Is patriotism lacking in America?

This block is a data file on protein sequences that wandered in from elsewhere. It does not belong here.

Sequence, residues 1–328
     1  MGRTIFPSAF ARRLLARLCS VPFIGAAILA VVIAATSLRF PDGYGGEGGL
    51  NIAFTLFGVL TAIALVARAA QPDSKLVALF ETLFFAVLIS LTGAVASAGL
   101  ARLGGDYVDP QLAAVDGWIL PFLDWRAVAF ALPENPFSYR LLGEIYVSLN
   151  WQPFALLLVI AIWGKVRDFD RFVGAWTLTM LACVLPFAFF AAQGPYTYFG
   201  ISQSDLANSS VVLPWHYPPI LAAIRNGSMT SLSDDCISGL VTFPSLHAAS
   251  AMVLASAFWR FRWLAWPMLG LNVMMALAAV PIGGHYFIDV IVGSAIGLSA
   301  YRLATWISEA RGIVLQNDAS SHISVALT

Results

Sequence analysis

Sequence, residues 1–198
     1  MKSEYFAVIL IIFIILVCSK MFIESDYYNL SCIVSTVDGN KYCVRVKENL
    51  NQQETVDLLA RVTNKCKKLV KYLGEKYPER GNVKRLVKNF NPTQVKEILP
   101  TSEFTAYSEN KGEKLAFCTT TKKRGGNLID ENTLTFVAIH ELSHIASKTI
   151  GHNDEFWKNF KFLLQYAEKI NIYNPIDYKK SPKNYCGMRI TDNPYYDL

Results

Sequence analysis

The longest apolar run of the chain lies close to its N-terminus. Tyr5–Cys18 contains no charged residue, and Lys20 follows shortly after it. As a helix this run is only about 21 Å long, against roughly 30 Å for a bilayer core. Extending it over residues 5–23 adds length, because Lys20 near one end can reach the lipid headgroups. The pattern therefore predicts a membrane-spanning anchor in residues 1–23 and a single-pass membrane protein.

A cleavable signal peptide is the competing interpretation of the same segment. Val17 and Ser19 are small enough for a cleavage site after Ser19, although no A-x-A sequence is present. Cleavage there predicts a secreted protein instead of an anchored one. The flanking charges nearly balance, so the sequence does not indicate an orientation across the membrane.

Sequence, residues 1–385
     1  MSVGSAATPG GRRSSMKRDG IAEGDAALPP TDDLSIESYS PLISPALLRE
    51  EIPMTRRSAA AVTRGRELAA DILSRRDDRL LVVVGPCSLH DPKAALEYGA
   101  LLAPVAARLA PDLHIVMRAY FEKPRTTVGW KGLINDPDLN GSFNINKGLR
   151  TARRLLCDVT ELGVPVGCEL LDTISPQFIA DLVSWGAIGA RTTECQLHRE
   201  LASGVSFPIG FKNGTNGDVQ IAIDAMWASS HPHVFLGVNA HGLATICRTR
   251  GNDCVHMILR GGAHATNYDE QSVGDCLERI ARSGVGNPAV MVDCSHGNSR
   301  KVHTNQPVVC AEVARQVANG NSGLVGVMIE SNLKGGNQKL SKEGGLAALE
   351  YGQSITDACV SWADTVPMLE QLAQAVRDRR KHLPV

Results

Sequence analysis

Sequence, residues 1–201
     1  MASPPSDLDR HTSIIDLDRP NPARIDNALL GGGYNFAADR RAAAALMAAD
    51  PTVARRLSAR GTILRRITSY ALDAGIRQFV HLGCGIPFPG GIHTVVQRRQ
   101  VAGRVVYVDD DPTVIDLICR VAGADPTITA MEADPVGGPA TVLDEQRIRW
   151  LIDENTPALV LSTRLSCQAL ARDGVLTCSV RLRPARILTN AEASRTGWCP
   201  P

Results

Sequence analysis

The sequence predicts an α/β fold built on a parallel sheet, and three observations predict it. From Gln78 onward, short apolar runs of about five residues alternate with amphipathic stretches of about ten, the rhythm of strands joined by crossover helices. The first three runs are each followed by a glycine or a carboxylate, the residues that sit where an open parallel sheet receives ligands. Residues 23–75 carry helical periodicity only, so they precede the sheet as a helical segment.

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Another Memorial Day weekend and many celebrated with tons of greasy food washed down with beer and soda on the muddy beaches. On Memorial Day, in the Folsom cemeteries, there were more American flags marking the tombs of dead soldiers than those gathered to remember and honor them. In Europe, where hundreds of thousands American soldiers died during WW1 and WWII, official military and civilian ceremonies are held every year on May 8 (1945, V day Europe, WW II) and November 11 (1918, Armistice Day, WW1). In immense Arlington-like military cemeteries, we celebrate the sacrifice of your veterans because they paid the ultimate price for our freedom They rest in peace in the lands they freed. Unfortunately, here, it looks like people know more about Cinco de Mayo than their own history. Did you remind your children about May 7 and the Lusitania (America enters WW1)? Did you talk about May 8 and the end of WWII? Did you tell the story of “Decoration day” on May 30? Will you mention Aug. 15, or tell again the story of the Day of Infamy? The Folsom ceremony felt like an anachronism in today’s culture, despite the two wars going on. The ceremony was military and solemn. It felt like: only there, only these people, only today. The speeches were about freedom not being free, about our responsibility to keep our history alive and about the honor and dedication of our citizens in uniform. How can one understand today without learning about yesterday? I guess education and parental guidance should be part of the process, but what do I know? I am French, a former officer and a recent immigrant. Eric Chevreuil, Folsom